Imagine that one day after you've successfully launched your Internet business and you decide to browse the web and do some basic research on your competitors. In a flash, you find a website that is directly in competition with your company and the website is similar to the website you paid hundreds of dollars to get developed in jokerstash. You're quite upset and your first thought is to call the phone , and to threaten webmasters with legal action. But wait it's possible that you or your company may not actually "own" the copyrights to your website or any other elements!
Who Owns Your Website Under Copyright Laws?
While you may have ownership of the domain name and contents on your website the rights to own the website design and separate website elements may reside with the creator. If that is the case you're only provided with an implied non-exclusive right to make use of your website and the website elements you have designed for you or your business.
If you've hired a designer or other third-party to design or create your website, he or she may legally hold the copyright to your website. In the context of United States copyright law, creators are presumed owners of the copyright on the work they create. That means that the person who creates the various aspects of your website will be assumed to be the owner of the copyright on those specific elements (the concept of distinct website elements is further discussed in the next section). If you're not the original creator of your website and each element of it is owned by you, the only way you are legally able to acquire exclusive ownership rights for your website is by obtaining a signed writing with the creator, transferring all rights to you. As per the requirements of the United States Copyright law, the transfer of rights exclusive to a copyrighted item must be written and executed by the person who owns the rights. If you use to use the expertise of an outside website designer, you will not have exclusive rights over the website or the specific elements of your site unless you sign an signed site development agreement that states this. There are also other important reasons to consider a web development agreement.
Separate Website Elements Ownership
If multiple individuals are involved in the creation of your website and their contributions are identifiable the website could have separate copyright owners for each distinct component. Also, the distinct elements of your website could be owned by the person who developed those elements. For instance, there is a copyright in the design or the template for your website (the general "look and feel"of the site), and there are separate copyrights in the content contained on the website, including text, images, graphics video. Images and other elements such as headers are distinct elements of a website that make up the overall layout. If the website designer created each element separately and not just the template, he or she would likely hold the copyright to each of them.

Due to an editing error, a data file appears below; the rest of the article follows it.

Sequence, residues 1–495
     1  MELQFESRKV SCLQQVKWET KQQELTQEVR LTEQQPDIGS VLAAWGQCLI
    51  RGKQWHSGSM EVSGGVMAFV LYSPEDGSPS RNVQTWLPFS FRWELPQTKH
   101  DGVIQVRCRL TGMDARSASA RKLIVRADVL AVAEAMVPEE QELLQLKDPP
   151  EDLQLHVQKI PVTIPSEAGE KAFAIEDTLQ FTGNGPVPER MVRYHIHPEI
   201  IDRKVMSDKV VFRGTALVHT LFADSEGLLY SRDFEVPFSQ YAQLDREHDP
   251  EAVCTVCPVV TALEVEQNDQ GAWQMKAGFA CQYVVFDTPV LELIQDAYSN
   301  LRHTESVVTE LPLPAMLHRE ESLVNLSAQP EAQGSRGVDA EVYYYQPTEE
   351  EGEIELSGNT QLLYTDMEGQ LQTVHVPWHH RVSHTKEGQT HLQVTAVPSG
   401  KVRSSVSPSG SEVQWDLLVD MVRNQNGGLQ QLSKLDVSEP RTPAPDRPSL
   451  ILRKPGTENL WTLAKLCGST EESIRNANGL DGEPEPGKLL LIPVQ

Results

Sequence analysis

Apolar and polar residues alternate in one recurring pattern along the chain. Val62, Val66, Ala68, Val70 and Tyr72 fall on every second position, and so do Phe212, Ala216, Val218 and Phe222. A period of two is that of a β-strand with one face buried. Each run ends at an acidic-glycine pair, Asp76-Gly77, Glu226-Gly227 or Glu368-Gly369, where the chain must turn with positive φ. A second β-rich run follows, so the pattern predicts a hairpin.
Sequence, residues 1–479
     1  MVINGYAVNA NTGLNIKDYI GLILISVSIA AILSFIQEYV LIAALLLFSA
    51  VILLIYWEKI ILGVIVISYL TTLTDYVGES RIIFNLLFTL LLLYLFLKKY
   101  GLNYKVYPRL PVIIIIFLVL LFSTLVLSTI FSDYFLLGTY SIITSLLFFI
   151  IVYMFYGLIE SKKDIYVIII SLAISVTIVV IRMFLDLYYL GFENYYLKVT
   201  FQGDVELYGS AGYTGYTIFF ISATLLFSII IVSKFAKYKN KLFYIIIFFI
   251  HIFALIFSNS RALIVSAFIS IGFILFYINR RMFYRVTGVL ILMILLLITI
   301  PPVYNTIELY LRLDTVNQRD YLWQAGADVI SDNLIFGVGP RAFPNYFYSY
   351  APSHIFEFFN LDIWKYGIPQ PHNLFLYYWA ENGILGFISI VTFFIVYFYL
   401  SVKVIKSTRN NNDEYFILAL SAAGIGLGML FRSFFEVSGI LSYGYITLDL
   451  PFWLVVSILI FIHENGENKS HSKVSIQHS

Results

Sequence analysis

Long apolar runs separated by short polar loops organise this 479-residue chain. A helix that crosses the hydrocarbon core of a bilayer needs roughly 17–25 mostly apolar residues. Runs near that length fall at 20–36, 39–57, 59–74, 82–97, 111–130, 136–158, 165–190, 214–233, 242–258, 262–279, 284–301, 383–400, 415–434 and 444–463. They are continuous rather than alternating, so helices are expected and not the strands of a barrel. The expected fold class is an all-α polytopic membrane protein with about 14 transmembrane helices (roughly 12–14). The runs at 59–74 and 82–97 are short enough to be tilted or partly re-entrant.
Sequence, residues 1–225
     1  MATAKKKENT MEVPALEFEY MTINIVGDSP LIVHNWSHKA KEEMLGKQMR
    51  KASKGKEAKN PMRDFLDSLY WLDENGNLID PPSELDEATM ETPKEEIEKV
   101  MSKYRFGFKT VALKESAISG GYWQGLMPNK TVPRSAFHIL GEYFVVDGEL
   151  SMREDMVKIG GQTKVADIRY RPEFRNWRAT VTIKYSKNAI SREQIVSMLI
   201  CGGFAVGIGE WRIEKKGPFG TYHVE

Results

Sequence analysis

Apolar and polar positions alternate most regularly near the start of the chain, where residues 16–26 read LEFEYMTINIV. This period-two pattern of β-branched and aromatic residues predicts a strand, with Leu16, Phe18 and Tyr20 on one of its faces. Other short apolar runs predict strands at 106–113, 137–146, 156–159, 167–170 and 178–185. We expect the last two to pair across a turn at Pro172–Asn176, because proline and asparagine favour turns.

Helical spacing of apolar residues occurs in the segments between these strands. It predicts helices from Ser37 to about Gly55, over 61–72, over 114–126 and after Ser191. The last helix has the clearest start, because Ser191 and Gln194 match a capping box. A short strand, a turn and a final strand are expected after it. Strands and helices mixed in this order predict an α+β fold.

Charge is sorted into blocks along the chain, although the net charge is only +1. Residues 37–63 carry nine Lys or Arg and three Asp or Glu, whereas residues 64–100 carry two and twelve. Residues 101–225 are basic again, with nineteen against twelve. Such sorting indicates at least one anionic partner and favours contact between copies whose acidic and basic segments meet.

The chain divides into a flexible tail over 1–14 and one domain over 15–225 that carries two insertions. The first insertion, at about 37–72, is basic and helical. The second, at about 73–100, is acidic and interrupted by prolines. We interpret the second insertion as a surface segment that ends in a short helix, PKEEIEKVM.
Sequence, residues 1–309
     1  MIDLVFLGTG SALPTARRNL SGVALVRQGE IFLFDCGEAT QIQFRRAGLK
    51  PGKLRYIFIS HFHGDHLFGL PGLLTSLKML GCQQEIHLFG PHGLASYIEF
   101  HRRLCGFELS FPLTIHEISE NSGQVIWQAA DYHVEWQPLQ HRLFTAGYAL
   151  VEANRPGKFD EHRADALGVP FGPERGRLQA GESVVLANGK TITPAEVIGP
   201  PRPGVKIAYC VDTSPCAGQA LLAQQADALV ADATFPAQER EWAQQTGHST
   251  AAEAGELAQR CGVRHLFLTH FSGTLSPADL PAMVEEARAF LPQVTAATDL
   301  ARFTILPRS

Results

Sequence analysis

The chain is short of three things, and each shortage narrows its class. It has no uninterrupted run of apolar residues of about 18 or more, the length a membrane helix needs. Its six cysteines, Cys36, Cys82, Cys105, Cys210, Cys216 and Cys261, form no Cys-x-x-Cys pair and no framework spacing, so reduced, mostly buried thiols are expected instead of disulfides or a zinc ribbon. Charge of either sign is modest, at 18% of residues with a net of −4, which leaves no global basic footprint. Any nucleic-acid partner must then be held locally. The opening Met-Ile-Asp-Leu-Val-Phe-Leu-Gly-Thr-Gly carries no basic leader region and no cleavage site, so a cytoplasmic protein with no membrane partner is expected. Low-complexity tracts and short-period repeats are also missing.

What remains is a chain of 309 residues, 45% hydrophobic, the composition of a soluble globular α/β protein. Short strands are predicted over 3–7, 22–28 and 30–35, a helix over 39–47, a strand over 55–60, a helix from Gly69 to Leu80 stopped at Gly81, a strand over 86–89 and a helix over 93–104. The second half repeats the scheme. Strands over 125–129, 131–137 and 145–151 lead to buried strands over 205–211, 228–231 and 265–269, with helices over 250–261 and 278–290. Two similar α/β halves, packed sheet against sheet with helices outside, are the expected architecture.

Together, the overall appearance as well as the feel site's design can be protected "trade dress" when the design is distinct enough. It is a new area of Internet law where no clear and uniform guidelines are in place. However all elements downloaded from the web are publicly available in the event that these elements do not contain copyright restrictions. If any of these elements have been created by you, like your logo, your image, animations, etc. then you own the rights to the specific and distinct elements of your website.
However, you must be aware that any photographs you provide may actually be the property of the photographer who took the photos. The photographer would be considered as the person who wrote that "work". If you don't have ownership rights through some contractual arrangement when photographs or images were made for you The photographer will likely own the photos.
Another unique element is the content on your site. If it's been designed by you, you own the copyright to the content. But, it's not simply the text that appears in a visual manner on the screen. The way in which text is formatted and presented in the format of HTML or VRML codes are also covered. If your website designer developed the coding, the code, in contrast from the text in itself, may belong to the designer. Similarly, the manner in how the designer of your website has created the hyper linking on your site could be the work of the designer.
The fact is, you may be the owner of the text, however the designer may own the way that the text is arranged and coded on your website. The key here is to sign a written development agreement that transfers all of these rights to you or your business. Otherwise, it may not be apparent who owns your website!
This article was composed by Philip A. Nicolosi, J.D. Philip A. Nicolosi, J.D. Nicolosi provides legal services through his law firm, Phil Nicolosi Law, P.C., focusing on small and startup legal matters, Internet tech law as well as business transaction.
Mr. Nicolosi is a trusted advisor to numerous startups as well as small to medium sized businesses. This includes representation on many different legal matters relating to business, such as business organization, corporate/LLC governance, regulatory law contract and transaction law and most other matters outside of litigation. Mr. Nicolosi provides guidance with eCommerce, Internet marketing and technology-related legal matters. He also helps start-up tech companies with seed financing, venture capital and exit transactions.